Best Albums of 2016: # 4, 3, 2

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4. David Bowie, “Blackstar”

Would this have been as beloved if Bowie hadn’t died days after its release? Does it matter? Far more focused, innovative and affecting than The Next Day, it both encapsulates everything we loved about the man, and also blows it all up. The title track mirrors the structure of “Station to Station” without sounding anything like it; “Girl Love Me” shrugs off Major Tom-style mythmaking with a sobering directness; “Lazarus” looks death straight in the eye, shattering any claims of shielding himself from the world with another persona. What a way to go out, to sum up a life like only Bowie could, while still leaving people wanting more: not for naught is the final track called “I Can’t Give Everything Away”.

Favorite tracks: “Blackstar”, “Lazarus”, “I Can’t Give Everything Away”

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3. Field Music, “Commontime”

I had high hopes for this record after its six-minute-plus first single/opener “The Noisy Days Are Over” dropped late last year—it reiterated everything good about this English art-pop combo while also opening up their sound to contain beefy horns and a funk-rock rhythm not far off from vintage Talking Heads (even the now-departed Prince (of all people) linked to it on his Twitter feed). Although it’s the undeniable highlight here, the rest doesn’t disappoint, as they temper their always-appreciated XTC fixation with welcome nods towards Squeeze, Split Enz and Paul McCartney circa “Take it Away”. Equally welcome: the newfound maturity and insight of tracks like “The Morning is Waiting” and poignant closer “Stay Awake”.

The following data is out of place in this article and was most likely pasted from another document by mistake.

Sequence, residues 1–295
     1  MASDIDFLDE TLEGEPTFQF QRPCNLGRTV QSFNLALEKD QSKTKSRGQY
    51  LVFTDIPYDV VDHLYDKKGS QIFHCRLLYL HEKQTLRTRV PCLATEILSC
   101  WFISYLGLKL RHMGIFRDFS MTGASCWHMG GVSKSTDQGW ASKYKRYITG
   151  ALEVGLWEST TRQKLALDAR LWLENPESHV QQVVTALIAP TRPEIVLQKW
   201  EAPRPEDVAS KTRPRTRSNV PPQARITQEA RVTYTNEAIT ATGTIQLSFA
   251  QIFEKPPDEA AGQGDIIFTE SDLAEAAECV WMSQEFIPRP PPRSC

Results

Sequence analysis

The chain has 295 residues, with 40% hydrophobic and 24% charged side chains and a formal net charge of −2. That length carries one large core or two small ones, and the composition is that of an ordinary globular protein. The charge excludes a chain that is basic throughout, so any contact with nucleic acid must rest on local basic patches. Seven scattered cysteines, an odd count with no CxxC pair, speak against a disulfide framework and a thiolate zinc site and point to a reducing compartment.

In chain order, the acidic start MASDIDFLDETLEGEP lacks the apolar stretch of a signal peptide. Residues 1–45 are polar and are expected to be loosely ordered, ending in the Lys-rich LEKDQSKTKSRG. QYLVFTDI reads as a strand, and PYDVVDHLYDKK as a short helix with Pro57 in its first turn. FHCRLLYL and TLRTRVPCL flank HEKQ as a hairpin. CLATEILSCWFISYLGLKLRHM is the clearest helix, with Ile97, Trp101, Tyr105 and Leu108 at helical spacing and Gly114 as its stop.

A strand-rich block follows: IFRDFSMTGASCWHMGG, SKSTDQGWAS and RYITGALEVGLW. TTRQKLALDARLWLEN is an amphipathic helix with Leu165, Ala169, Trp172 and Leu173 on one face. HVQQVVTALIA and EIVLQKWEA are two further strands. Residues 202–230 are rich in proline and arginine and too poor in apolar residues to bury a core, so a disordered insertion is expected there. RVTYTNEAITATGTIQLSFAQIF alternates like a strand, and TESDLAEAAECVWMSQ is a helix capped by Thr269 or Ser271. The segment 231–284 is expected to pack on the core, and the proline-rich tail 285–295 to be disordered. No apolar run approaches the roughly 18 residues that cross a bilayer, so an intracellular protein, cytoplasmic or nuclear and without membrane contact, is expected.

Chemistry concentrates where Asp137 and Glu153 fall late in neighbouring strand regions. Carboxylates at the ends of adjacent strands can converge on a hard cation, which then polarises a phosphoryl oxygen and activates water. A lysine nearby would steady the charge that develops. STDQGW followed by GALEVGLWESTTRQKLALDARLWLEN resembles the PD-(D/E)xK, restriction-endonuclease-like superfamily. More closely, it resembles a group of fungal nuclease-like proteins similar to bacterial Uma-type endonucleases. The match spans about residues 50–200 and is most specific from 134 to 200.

Favorite tracks: “The Noisy Days are Over”, “Disappointed”, “Stay Awake”

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2. Michael Kiwanuka, “Love & Hate”

If Kiwanuka’s 2012 debut confirmed a talent for Bill Withers-like folk-soul, his follow-up reveals this Londoner’s ambition and vision. Opening with “Cold Little Heart”, a ten-minute, two-part extravaganza that crosses Pink Floyd with Donny Hathaway, Love & Hate rarely lets up from there. It graciously finds space for jazz-inflected, classy but incensed protest songs (“Black Man in a White World”, “Rule the World”), extended, expansive soundscapes (the title track, “Father’s Child”) and good old, radio-friendly pop (“One More Night”). For once, Danger Mouse’s baroque production compliments rather than overwhelms the artist’s intentions as the swooning strings, Stax-ish horn charts and both acoustic and electric guitars all seem to fit perfectly together with Kiwanuka’s warmhearted croon.